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NBA All-Defensive Guard Selections are a Sham
- Updated: April 10, 2017
You’ve been lied to. We’ve all been lied to. The NBA All-Defensive honors are a giant lie (at least for the guards) and we have the data to prove it.
Last Year’s All-Defensive Team Recipients
Here are last year‘s recipients for the All-Defensive 1st and 2nd teams among guards:
The percentages listed are their percentile versus the rest of the league in defensive points per possession for each area. Avery Bradley being in the 81st percentile in isolation means he was better than 81% of NBA players in that area.
Some major defensive areas are shown: Pick & Roll Ball Handler, Spot Up, Isolation, Off Screen, and Hand Off defense. In addition other peripheral data is shown that sheds more light on their defensive abilities. Note: “C&S” is Catch and Shoot.
These players chosen are supposed to be top 10 defenders in the league. This graph speaks for itself. It’s pretty evident that none of the four guards chosen to All-NBA defensive teams were among the best defenders in the league.
Avery Bradley, who received the 3rd most votes of any NBA players and the most among guards, was dead average overall defensively. Allen and Butler had defensive performances that didn’t even grade out to the top 60% of the league.
Bradley’s case is especially amusing, because he grades out 8th best among the 11 Celtics who played at least 100 possessions last season. The Celtics had the 5th best defense in the League by PPP, and it doesn’t appear as though Bradley was a driving force in that.
Why Were These Players Chosen?
This leaves us with the question: How the hell did these players get selected?
I see one category that Bradley, Paul, and Butler have in common: Isolation defense. All three were proficient in that area.
If you think isolation is the only true defensive mark of a defender, you’d be wrong. From the research I compiled, approximately 90% of defensive possessions for NBA point guards and shooting guards were not spent defending in isolation. It’d be much more valuable to be a great defender chasing around screens, contesting and containing spot up shooters, and defending on pick and rolls.
It’s important to note that the media selects these players. The media may not have the data shown above that gives a true indicator of defensive performance. They likely rely on small samples of 10-15 games they’ve seen each of these players play.
I believe CP3, Butler, and Bradley were chosen because 1) they’re sexy names and have reputations for being good defenders, and 2) those isolation possessions are the ones that we remember most when watching a game. When Bradley is going mano a mano against Steph Curry, we remember those possessions.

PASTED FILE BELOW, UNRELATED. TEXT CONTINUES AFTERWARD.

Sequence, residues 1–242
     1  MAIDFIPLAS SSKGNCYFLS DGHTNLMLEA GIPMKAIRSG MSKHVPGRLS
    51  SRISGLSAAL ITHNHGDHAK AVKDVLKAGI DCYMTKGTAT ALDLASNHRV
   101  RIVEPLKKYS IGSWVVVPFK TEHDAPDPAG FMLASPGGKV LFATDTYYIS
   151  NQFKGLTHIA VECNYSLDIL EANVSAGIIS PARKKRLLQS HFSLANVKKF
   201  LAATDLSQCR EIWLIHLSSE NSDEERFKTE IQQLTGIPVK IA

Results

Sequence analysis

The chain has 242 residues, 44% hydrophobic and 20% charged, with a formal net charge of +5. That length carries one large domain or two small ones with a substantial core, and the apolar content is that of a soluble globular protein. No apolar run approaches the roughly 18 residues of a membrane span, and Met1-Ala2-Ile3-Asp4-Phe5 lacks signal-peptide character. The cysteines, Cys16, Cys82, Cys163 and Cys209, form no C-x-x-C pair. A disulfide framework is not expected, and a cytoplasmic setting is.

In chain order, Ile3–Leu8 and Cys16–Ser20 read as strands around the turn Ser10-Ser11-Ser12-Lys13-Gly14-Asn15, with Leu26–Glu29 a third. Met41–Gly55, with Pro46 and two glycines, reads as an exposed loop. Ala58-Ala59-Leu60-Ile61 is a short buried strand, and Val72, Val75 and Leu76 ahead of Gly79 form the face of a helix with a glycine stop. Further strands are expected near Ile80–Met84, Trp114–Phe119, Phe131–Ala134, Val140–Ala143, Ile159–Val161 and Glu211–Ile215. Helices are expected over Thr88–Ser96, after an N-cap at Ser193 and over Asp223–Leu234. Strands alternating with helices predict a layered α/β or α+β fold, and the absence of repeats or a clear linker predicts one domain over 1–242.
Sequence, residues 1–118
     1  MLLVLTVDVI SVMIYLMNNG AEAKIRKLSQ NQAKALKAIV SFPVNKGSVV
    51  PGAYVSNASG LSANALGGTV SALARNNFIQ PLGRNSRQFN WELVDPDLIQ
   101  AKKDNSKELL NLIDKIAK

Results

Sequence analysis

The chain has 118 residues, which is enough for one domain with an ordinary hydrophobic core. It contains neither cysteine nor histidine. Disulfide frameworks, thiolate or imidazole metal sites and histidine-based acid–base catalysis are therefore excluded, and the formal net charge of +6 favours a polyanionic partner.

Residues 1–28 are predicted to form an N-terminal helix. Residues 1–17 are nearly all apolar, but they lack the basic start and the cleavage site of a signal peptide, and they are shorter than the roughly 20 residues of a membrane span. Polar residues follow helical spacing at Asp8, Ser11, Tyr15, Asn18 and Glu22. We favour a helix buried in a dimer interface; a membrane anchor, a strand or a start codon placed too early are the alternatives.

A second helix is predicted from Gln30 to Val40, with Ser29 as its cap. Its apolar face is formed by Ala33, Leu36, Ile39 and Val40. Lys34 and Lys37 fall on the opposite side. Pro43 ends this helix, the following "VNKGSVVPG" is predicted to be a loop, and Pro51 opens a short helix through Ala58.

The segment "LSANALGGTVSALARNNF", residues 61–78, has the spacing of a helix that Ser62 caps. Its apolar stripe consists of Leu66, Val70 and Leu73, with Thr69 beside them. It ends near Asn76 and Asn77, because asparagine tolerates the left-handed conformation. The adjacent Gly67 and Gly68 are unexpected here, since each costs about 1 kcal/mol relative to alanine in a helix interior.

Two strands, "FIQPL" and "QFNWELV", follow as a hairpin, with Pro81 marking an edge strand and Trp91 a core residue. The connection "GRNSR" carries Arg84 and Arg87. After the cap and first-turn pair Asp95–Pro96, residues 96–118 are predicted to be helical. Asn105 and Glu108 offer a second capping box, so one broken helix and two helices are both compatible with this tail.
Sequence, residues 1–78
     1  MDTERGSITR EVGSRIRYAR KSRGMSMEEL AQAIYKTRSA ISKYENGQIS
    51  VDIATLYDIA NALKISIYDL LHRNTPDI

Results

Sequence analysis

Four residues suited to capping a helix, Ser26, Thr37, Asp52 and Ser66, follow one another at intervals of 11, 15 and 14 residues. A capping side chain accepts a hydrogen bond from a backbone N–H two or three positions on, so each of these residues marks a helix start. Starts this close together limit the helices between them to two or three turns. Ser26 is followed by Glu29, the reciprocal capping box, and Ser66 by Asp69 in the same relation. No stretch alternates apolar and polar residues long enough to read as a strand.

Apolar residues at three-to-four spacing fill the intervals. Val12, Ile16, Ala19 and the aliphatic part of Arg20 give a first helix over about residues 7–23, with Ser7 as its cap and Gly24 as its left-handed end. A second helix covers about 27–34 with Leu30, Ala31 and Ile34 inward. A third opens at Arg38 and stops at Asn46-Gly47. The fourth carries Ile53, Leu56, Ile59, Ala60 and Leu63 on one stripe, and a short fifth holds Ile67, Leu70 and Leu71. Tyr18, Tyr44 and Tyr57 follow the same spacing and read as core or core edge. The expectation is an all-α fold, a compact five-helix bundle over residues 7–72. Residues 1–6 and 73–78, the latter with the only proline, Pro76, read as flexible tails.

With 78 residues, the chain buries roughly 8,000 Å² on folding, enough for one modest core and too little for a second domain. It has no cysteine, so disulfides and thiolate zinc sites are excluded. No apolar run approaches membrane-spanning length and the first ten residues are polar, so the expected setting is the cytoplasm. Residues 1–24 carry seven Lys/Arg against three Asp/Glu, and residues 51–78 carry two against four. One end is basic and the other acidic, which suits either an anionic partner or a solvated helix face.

“What About Who They Faced? That Should Count.”
When the Celtics play any team, Avery Bradley will defend the other team’s best guard. Right? And the same with the other three players (CP3 to a lesser extent)? That seemed consistent with what I’d heard. And if it’s true, shouldn’t that count for something?
I think it should, but it’s uncertain how much it should. To find out the extent to which it was true, I was able to find data on the top 14 players each of these guys defended last season.
I marked matchups in yellow that were not with a same-position player (ex: PG on PG) and were against great scorers.
Note: Allen played SG and SF almost as frequently last season, so I gave some leeway there.
I also want to note that Butler played SG 81% of his possessions on offense, but consistently defended the SF position last season. He was matched up against Anthony, George, and James, among others, but just played defense normally as a SF, as evidenced by him also having matchups against Morris, Covington, and Johnson.
It appears as though Bradley was the only player that was deployed with some frequency on the best players from other teams. Paul, Allen, and Butler essentially played the same “strength of schedule” as any other player at their position. For this reason we can’t give their data any excuses. Even Bradley’s data shouldn’t be explained away too much, considering 11 of his top 14 matchups were exactly the same as any other SG would have.
In conclusion, it doesn’t appear as though any of these players were the NBA equivalent of an NFL “shadow corner,” meaning that we shouldn’t adjust any of their data. They had the same matchups as other players their position around the league. This is an excuse that should be thrown out.
Who the Real Selections Should Have Been
If those four players shouldn’t have been given those top four spots, who should? From the data I have, these are who I’d pick. Notice the stark contrast between their numbers and the actual picks.
These players played just as tough of matchups as the four actually chosen, and were substantially more efficient defensively. Who are they? Jeff Teague, Evan Turner, JJ Redick, and Matthew Dellavedova. Those players are Player A, B, C, and D, respectively.
Why didn’t they win? I believe it’s because of them not being big names. They didn’t have the reputations of the other players defensively. They’d be less sexy picks for the media.
Ironically, two of these four actually play alongside two of the actual award recipients, Bradley and Paul.
My four suggestions deserved to be on the NBA All-Defensive teams more than the actual award recipients.
I firmly believe if Teague, Turner, Redick, and Dellavedova’s had different names, the result would’ve changed. They would have won the awards if their names were names of more popular players. That’s inexcusable. The NBA needs to better inform voters so they can properly award the correct players.
Up Next: Who should this year’s All-NBA defensive teams be?